Durham University commissioned Studio Libeskind to create a new university building to accommodate their expanding student body and staff, as well as to house a new research facility for the study of fundamental physics. The Ogden Centre provides eighty new offices for professors, lecturers, doctoral students, postdoctoral researchers, support staff and visiting academics of the Institute for Computational Cosmology and the Institute for Particle Physics Phenomenology. It includes interaction space, a research outreach area, and meeting rooms.
Light and openness is at the core of the design for the Ogden Centre. A spiral in plan, the Centre appears to be two stacked forms clad in a larch rain screen with bands of windows and terraces cutting across the facades. The program called for a series of small work spaces for research. Instead of creating dark cubicles, the design team placed all the offices in a ring, so each space has a window with natural light with a frosted glass door to create a luminous and open program throughout. Generous roof terraces create communal areas to relax and enjoy fresh air. Skylights marshal light into the central atrium and flexible meeting areas.
With sustainability at the heart of its design, care has been taken to minimize environmental impacts and ongoing running costs, and to ensure excellent value for money. The Design Team worked to deliver a state of the art and fully accessible facility, with robust materials and future-proofed capacity in IT infrastructure. At the same time the construction provided for flexibility in its internal planning and received a status of BREEAM Excellent standard of sustainability.More about this project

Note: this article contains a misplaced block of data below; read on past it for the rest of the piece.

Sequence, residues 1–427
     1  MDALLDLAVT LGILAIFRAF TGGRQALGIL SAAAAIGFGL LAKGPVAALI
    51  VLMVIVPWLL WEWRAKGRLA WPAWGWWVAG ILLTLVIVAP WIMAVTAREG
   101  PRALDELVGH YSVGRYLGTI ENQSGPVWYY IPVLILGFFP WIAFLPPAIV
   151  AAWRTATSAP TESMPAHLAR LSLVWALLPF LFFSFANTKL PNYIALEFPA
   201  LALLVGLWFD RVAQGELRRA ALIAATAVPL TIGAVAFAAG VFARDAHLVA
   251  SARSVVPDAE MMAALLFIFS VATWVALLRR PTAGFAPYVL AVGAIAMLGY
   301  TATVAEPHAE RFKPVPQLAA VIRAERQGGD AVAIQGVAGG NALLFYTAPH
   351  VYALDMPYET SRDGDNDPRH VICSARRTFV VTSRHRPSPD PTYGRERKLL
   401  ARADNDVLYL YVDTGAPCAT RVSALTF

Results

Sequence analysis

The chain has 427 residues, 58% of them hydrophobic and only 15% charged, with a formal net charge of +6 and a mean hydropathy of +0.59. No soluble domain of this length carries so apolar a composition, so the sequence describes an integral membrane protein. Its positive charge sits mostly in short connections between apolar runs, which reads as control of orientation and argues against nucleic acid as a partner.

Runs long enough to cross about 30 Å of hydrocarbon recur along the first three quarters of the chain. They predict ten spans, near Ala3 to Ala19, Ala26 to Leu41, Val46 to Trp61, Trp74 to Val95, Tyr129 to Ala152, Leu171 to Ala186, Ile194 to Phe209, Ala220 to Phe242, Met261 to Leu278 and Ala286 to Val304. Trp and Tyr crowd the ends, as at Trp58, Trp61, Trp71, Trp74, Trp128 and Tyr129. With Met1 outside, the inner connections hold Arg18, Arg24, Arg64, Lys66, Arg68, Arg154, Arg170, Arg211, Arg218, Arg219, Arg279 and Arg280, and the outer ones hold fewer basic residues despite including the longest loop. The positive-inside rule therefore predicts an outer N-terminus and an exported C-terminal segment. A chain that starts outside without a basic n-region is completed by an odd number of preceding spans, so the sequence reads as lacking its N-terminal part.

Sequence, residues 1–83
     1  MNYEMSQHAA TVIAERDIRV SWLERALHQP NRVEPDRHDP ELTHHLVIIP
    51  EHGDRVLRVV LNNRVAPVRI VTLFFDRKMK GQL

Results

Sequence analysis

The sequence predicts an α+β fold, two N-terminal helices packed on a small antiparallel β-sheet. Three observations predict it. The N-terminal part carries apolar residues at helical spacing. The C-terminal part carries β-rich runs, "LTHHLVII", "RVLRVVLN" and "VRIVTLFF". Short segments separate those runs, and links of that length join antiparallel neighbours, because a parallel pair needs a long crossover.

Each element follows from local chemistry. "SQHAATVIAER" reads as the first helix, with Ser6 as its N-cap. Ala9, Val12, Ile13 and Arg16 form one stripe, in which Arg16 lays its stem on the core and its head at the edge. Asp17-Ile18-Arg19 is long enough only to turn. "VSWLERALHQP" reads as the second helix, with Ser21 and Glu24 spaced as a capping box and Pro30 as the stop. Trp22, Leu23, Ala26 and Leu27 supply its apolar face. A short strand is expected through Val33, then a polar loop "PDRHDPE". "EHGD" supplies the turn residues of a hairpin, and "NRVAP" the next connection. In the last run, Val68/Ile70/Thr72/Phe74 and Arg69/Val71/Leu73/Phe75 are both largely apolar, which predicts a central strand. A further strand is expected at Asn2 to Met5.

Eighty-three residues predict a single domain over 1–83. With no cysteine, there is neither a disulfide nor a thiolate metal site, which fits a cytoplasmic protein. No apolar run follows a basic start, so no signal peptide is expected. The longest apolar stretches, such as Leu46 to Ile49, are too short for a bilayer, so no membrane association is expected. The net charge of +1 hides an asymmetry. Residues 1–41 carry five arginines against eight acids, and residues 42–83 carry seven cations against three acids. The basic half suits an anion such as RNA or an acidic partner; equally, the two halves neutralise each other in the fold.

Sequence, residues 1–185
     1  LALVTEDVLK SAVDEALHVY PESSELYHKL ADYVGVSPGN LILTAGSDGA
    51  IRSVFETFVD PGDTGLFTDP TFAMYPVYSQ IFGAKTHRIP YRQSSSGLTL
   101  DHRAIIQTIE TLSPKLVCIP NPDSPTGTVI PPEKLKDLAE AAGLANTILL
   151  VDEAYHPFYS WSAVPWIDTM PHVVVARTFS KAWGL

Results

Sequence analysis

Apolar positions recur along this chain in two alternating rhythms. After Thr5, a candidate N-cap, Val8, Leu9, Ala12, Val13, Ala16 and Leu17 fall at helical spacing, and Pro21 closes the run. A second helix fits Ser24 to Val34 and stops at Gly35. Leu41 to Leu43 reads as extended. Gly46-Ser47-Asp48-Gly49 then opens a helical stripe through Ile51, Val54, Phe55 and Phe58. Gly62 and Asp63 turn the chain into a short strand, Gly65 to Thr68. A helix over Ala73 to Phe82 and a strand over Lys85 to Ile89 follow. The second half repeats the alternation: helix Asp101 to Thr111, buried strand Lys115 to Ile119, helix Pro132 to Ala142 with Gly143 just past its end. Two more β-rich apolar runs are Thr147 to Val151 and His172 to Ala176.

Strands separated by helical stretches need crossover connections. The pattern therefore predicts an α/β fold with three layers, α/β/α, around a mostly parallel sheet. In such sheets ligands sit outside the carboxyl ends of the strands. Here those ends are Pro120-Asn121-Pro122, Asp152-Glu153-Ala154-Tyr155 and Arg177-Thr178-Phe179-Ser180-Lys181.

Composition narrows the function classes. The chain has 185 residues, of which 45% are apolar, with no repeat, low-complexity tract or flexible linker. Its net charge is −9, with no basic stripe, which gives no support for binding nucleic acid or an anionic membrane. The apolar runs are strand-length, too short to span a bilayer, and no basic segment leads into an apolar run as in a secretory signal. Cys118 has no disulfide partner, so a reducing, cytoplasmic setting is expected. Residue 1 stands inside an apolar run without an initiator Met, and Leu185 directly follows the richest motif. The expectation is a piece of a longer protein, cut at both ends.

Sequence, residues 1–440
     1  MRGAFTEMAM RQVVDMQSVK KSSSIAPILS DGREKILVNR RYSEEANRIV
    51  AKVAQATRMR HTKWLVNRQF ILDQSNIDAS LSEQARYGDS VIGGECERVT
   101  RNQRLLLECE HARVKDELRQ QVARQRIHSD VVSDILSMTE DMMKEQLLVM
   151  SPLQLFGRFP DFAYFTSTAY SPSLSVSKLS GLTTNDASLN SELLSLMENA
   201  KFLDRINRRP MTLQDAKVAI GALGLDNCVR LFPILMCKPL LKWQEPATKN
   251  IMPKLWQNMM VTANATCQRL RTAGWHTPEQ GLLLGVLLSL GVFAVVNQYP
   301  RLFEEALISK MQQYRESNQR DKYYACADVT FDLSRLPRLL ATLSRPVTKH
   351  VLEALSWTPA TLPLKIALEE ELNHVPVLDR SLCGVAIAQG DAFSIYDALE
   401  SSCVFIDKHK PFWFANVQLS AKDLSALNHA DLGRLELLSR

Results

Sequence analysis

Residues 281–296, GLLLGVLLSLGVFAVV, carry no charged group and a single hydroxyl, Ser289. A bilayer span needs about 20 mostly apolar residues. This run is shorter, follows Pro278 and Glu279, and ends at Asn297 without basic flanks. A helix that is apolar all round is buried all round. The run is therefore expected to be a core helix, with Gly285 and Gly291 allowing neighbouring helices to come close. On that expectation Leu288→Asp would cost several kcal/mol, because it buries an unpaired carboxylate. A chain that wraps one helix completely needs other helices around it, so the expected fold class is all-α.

Jared joined Studio Libeskind in 2007. He has made significant contributions to wide variety of international projects at the Studio ranging from large scale urban masterplans and skyscrapers to intricate museums, academic and residential buildings including the Yongsan International Business District masterplan, Seoul, Tampere Central Deck and Arena, Finland, and the Haeundae Udong Hyundai I’Park in Busan. Most recently Jared worked on Corals at Keppel Bay, a luxury residential development in Singapore and the Ogden Center at Durham University in Durham, UK.
Jared has a background in interdisciplinary collaboration having worked for architects, artists and professional fabrication companies for more than a decade including the fabrication and installation of a floating bronze staircase for James Turrell’s Roden Crater project with Fabrication Specialties Ltd in Seattle and an installation for the artist Roxy Paine in New York City.
Jared earned his undergraduate degree from the University of Colorado, Boulder, where he earned dual degrees in architecture and sculpture and his M.Arch from Columbia University in New York City.